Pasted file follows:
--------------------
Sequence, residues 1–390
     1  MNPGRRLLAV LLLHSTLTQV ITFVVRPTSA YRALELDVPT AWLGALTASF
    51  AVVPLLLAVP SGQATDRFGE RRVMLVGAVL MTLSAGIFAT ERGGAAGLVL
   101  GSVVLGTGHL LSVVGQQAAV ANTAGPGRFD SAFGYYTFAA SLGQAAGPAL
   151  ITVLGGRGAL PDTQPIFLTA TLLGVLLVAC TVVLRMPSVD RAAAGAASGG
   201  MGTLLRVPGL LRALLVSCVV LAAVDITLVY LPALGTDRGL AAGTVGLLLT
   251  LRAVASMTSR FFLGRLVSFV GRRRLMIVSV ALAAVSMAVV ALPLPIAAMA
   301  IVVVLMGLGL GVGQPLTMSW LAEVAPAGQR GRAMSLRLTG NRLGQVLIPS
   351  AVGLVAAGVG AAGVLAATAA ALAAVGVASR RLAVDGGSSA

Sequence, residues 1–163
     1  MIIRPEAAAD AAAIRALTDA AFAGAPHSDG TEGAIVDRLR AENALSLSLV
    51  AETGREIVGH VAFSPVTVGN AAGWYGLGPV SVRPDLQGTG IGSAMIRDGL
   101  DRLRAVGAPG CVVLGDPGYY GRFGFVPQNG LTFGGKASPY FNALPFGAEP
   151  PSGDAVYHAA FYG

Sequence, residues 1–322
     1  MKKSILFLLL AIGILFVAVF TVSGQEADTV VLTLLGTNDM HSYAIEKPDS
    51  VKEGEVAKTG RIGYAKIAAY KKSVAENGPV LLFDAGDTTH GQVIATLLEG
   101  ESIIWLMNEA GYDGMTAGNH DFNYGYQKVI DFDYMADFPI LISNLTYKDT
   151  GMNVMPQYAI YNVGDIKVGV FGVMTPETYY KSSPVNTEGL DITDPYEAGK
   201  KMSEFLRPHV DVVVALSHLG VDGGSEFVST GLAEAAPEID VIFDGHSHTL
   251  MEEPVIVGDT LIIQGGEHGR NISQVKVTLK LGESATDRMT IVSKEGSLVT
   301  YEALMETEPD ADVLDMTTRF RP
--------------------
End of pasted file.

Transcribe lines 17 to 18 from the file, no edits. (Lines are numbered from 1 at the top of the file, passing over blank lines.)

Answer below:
    51  VKEGEVAKTG RIGYAKIAAY KKSVAENGPV LLFDAGDTTH GQVIATLLEG
   101  ESIIWLMNEA GYDGMTAGNH DFNYGYQKVI DFDYMADFPI LISNLTYKDT